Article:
AIR accident investigators say a gust of wind caused a 70-year-old plane to miss the runway as it tried to land in Herefordshire.

A report which looked into the plane crash at Shobdon Aerodrome, near Leominster, said the pilot, 76, decided not to abort the landing, and instead touched down on unprepared ground.

The crash, at 12.52pm on July 4, 2020 – the day pubs and hairdressers reopened after the first coronavirus lockdown in England – happened after a gust of wind displaced the plane's final approach, the Air Accidents Investigation Branch report said.

Pilot notes for the plane, an Anro Anson T21 built in 1950 with the registration G-VROE, warned against aborting landing late, so the decision was made to commit to the landing after the sudden gust of wind.

"He stated that a lateral adjustment in G-VROE to compensate for the gust would have resulted in a crabbed touchdown and possible ground loop," the report said of the pilot, who was uninjured.

"Consequently, he opted to land on the grass beside the runway. He felt confident that the landing surface was safe, and there was no other traffic nearby."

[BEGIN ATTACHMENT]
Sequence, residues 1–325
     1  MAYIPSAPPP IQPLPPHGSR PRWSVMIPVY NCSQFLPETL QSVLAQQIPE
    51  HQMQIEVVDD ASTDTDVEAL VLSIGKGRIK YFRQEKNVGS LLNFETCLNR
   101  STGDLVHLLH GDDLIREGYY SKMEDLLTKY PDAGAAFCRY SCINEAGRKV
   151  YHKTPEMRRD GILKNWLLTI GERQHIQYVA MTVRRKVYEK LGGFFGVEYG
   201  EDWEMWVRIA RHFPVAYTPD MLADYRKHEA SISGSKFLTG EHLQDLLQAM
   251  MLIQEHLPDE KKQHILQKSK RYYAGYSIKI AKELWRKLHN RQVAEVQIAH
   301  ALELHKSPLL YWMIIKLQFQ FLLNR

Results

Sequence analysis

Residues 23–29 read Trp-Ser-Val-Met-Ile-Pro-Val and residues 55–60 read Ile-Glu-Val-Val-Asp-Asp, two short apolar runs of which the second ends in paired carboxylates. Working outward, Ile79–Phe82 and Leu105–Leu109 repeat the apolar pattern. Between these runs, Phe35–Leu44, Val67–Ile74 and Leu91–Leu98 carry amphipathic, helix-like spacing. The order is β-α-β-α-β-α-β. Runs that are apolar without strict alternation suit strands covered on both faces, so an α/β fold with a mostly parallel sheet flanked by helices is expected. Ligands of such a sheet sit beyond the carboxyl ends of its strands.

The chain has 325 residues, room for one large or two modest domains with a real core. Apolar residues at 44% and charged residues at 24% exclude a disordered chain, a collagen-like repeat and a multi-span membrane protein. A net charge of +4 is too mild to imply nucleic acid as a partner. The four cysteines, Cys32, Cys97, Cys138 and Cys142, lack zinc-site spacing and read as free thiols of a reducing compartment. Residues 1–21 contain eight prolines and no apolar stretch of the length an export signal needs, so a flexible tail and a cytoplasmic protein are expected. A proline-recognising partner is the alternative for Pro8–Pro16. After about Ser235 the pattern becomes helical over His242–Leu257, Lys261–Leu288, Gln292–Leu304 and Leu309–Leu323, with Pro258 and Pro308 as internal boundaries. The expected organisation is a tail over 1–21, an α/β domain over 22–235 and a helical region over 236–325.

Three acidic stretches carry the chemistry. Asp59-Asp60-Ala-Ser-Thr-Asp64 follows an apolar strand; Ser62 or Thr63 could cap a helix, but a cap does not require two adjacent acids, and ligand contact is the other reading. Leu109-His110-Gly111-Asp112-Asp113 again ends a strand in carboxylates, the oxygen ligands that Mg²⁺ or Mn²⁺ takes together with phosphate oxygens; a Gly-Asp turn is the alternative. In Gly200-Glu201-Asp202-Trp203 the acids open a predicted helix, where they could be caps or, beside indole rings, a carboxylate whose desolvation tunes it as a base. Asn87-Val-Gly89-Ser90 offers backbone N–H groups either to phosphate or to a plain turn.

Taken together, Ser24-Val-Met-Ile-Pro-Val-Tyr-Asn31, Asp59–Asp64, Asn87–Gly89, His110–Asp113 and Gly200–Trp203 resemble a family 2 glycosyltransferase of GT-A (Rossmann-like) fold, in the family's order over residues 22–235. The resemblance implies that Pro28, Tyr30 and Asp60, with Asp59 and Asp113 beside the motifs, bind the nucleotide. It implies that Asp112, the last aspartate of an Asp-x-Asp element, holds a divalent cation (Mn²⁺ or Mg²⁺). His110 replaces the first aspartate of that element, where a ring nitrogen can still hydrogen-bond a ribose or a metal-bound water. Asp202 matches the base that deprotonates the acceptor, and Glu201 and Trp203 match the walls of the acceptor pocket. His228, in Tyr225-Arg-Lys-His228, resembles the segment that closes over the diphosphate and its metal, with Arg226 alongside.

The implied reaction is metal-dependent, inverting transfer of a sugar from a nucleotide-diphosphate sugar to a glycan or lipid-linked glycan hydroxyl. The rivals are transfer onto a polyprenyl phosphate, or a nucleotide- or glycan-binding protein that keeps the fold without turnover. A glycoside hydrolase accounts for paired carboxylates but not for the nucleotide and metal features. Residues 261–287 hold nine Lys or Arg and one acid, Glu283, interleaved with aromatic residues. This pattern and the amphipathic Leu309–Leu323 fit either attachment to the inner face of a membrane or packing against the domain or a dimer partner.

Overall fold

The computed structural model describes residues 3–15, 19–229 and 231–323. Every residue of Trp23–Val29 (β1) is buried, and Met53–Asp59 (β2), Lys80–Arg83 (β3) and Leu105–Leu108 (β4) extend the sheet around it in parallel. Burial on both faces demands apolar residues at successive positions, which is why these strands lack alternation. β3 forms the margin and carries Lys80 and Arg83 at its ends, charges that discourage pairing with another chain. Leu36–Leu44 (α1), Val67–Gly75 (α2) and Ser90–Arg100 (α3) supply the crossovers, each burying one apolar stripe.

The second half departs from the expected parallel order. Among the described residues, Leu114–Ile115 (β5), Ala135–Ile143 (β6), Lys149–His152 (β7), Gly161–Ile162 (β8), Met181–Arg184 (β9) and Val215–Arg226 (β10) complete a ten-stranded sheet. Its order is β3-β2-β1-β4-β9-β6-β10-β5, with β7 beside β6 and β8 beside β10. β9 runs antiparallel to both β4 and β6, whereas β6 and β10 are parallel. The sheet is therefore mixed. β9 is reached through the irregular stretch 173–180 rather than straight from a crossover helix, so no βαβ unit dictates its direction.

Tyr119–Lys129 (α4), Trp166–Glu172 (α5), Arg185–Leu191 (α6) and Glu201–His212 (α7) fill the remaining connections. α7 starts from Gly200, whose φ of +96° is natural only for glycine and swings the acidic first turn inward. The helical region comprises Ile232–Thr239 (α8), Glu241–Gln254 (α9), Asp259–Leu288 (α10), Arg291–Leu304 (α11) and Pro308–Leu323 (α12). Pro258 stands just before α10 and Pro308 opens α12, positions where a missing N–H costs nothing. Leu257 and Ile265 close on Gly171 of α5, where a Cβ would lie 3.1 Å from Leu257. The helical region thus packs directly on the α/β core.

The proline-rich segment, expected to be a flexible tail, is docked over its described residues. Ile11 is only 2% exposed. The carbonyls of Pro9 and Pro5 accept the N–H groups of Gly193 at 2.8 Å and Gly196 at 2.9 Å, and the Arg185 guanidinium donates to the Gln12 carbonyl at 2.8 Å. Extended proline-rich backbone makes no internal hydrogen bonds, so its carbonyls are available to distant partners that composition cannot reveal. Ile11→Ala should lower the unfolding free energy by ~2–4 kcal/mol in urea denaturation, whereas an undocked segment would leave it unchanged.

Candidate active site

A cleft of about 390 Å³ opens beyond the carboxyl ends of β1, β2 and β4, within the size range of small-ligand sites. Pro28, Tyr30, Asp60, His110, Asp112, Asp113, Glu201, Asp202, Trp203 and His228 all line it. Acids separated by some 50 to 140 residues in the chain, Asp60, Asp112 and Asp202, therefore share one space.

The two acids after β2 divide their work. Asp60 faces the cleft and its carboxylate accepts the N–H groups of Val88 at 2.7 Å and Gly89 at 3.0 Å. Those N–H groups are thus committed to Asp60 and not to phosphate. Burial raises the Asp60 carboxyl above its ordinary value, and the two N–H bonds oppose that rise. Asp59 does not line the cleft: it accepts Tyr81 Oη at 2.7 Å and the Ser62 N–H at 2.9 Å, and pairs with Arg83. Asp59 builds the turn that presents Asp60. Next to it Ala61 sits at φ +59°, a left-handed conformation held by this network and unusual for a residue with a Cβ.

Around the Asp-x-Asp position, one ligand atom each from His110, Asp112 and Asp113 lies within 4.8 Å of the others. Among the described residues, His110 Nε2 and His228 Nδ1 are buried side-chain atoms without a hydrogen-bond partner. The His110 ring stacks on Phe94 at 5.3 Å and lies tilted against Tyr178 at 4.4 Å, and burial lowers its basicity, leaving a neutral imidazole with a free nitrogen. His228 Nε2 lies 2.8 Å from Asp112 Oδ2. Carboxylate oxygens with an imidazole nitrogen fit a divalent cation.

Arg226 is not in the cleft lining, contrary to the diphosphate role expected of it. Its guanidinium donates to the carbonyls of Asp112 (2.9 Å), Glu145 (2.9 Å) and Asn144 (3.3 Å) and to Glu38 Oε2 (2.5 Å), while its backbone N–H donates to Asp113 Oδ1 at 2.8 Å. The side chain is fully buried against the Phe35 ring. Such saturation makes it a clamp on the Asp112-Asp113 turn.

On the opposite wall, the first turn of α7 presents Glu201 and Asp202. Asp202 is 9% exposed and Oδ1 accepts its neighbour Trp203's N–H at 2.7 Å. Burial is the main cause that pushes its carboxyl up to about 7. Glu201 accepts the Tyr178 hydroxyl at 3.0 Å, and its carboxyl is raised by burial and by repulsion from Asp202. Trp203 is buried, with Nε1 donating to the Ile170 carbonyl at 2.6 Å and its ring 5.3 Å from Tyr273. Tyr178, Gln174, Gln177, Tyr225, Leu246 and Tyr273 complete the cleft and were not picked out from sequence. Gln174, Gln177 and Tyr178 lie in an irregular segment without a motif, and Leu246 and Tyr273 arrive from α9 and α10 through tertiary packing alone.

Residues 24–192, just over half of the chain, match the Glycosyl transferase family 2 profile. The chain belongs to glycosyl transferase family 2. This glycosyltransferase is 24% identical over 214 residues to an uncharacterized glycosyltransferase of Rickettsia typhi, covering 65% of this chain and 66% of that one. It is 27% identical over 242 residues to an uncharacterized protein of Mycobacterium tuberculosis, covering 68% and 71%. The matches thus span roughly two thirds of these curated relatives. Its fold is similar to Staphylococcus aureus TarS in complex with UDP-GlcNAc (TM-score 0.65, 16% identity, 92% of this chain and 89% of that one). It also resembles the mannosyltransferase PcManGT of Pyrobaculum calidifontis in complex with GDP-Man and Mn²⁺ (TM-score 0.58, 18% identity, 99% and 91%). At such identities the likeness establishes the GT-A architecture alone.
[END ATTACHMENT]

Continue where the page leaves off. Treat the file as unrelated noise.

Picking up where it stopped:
Analysis from the Air Accidents Investigation Branch found that aborting the landing and going around would have been possible.

"The investigation did not determine why the aircraft completed its landing roll further right on Taxiway A, rather than returning to the runway," it added.

The flight information service officer at Shobdon said he had flown earlier that day and remember it was "a bit gusty".

He said that because of his viewing angle, it was only in the "last few seconds" that he noticed the plane was about to miss the runway, not leaving any time to tell the pilot.

But the pilot, who had flown from Coventry, felt changing the flightpath would have lead to handling difficulties after landing.